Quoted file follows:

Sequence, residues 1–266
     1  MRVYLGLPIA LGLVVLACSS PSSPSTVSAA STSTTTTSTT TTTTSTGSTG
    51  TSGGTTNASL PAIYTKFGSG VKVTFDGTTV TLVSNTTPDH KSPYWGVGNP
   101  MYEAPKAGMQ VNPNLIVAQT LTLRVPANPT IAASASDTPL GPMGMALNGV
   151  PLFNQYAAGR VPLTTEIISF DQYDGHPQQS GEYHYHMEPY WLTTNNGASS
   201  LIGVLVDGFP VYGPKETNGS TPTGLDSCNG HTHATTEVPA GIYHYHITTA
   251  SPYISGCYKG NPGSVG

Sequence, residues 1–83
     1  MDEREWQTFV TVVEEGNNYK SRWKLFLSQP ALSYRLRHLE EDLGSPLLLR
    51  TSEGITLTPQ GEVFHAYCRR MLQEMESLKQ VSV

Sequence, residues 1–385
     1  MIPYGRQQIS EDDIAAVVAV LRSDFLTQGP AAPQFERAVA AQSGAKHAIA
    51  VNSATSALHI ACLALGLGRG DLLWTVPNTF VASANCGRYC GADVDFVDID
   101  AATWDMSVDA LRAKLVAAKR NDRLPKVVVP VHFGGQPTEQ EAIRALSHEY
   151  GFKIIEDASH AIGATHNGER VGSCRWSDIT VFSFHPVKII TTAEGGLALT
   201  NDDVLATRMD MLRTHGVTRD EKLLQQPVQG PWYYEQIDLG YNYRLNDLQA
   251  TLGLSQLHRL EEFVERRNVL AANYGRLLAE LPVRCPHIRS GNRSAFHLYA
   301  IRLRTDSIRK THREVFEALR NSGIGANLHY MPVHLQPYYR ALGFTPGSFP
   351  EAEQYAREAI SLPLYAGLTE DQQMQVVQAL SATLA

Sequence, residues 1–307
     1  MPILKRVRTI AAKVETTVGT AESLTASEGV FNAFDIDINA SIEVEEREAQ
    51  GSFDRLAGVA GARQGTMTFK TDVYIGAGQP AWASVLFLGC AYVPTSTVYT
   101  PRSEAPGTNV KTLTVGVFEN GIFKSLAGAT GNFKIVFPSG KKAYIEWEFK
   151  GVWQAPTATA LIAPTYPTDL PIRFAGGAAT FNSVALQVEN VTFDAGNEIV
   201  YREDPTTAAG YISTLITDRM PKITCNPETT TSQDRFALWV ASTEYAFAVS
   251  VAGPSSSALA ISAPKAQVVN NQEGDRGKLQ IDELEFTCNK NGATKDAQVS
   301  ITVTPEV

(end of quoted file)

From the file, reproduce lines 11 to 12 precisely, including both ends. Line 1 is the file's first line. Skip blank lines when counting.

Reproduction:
Sequence, residues 1–385
     1  MIPYGRQQIS EDDIAAVVAV LRSDFLTQGP AAPQFERAVA AQSGAKHAIA